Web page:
There are many ways to classify cloud service offerings. The most basic is to relate them to the traditional systems stack. This gives rise to terms such as ’Infrastructure as a Service’ (IaaS), ’Platform as a Service’ (PaaS) and ’Software as a Service’ (SaaS), which are generally considered to relate to the hardware, middleware and application layers respectively. However, it is sometimes helpful to take a more functional view as follows:
Business application services
It is in this area that the term ‘Software as a Service’ (SaaS) was originally coined. Services at this level are typically focused on the delivery of complete business functionality, e.g. CRM, ERP, etc.
Hosted productivity tools
Services here are more concerned with horizontal capability ranging from desktop suites for end users, through to modelling, development and project management tools for analysts and developers.
Spearheaded initially by hosted email and web conferencing, the number of services offerings in this area has exploded to include full unified communications and/or social media (directories, blogs, wikis, etc).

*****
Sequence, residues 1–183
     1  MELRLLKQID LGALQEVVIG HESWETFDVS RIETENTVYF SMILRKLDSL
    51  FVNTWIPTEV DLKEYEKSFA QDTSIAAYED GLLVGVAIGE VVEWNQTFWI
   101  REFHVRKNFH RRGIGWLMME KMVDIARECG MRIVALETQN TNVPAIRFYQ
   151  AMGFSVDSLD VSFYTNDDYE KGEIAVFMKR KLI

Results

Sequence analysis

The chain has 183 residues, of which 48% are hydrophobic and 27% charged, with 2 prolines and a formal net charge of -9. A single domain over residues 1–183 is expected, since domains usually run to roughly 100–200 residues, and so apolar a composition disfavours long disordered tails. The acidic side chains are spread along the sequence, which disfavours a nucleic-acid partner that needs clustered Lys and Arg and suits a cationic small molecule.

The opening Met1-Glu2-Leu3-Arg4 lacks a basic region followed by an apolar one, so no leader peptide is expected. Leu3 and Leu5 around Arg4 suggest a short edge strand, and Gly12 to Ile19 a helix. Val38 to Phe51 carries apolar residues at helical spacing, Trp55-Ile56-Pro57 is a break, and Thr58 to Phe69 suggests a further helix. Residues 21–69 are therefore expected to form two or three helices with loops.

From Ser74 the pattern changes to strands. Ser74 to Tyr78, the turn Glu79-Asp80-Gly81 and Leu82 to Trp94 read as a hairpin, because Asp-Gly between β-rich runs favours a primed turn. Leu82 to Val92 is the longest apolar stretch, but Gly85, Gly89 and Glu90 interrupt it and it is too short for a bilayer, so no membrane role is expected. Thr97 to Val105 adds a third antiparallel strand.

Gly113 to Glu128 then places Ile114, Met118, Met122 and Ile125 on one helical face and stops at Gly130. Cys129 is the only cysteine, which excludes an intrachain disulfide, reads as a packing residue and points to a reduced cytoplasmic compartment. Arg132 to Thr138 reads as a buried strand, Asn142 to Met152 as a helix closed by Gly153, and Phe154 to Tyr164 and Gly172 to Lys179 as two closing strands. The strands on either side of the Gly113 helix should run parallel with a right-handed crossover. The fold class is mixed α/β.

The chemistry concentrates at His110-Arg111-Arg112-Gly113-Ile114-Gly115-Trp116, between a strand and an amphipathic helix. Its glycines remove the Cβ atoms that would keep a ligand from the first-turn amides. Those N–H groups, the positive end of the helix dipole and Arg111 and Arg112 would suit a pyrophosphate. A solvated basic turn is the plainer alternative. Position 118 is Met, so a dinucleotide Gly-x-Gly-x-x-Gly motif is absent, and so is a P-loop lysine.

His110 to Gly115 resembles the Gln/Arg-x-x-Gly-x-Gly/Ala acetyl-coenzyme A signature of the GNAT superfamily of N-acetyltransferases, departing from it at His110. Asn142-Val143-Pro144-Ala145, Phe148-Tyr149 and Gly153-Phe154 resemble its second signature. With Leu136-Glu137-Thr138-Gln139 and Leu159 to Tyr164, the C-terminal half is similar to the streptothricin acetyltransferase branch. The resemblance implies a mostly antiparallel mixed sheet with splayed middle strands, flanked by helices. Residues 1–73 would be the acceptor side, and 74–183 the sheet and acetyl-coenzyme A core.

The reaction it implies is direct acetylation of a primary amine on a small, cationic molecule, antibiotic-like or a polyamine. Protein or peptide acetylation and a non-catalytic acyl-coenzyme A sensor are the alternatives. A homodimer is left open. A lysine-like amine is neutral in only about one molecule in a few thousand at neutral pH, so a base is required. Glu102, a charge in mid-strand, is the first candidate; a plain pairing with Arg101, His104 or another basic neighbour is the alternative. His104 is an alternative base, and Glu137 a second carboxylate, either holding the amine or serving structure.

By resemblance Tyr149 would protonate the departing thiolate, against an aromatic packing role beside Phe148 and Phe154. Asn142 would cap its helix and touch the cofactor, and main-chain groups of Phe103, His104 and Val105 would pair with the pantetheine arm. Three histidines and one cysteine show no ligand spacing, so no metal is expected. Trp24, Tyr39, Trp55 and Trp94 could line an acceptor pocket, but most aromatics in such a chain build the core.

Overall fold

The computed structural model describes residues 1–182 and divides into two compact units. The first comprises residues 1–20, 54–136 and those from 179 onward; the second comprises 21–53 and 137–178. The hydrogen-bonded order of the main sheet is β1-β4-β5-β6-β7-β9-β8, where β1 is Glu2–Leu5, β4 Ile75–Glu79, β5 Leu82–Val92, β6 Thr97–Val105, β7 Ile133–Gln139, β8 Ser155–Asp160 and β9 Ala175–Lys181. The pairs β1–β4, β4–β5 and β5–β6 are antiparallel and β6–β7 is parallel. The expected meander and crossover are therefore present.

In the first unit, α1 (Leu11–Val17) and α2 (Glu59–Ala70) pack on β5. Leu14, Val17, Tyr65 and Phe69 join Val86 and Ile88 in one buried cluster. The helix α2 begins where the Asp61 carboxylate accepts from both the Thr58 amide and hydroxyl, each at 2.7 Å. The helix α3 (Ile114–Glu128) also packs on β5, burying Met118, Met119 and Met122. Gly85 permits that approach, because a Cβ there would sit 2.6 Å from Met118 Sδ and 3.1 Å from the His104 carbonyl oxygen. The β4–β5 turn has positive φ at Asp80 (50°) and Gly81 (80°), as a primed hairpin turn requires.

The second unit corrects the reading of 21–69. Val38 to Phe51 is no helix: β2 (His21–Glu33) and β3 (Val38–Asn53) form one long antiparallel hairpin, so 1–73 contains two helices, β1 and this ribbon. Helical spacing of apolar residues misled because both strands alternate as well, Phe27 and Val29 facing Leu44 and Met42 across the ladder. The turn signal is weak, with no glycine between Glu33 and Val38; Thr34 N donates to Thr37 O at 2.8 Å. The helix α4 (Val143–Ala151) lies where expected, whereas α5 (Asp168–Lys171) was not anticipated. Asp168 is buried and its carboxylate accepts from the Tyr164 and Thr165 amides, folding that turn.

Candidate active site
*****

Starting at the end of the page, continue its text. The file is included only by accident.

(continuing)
Trading community services
As supply chain automation has gathered momentum in some industry sectors, services have emerged aimed at facilitating the way in which customers and suppliers collaborate and transact electronically.
Myriad services exist which do not provide complete business functionality but ‘plug into’ existing applications to enhance or extend them. Examples include everything from mapping to credit checking.
Application platform services
As an alternative to consuming pre-built services from external providers, application platform services provide development and runtime environments which allow custom applications to be built and hosted online.
Sometimes, you simply want somewhere for your own software to run and store its data. This is the realm of utility services, which are essentially about providing raw compute and storage resources.
This often overlooked but highly important category is where we find services concerned with online backup, archiving, security (e.g. email filtering), etc., and even full blown monitoring and management tools.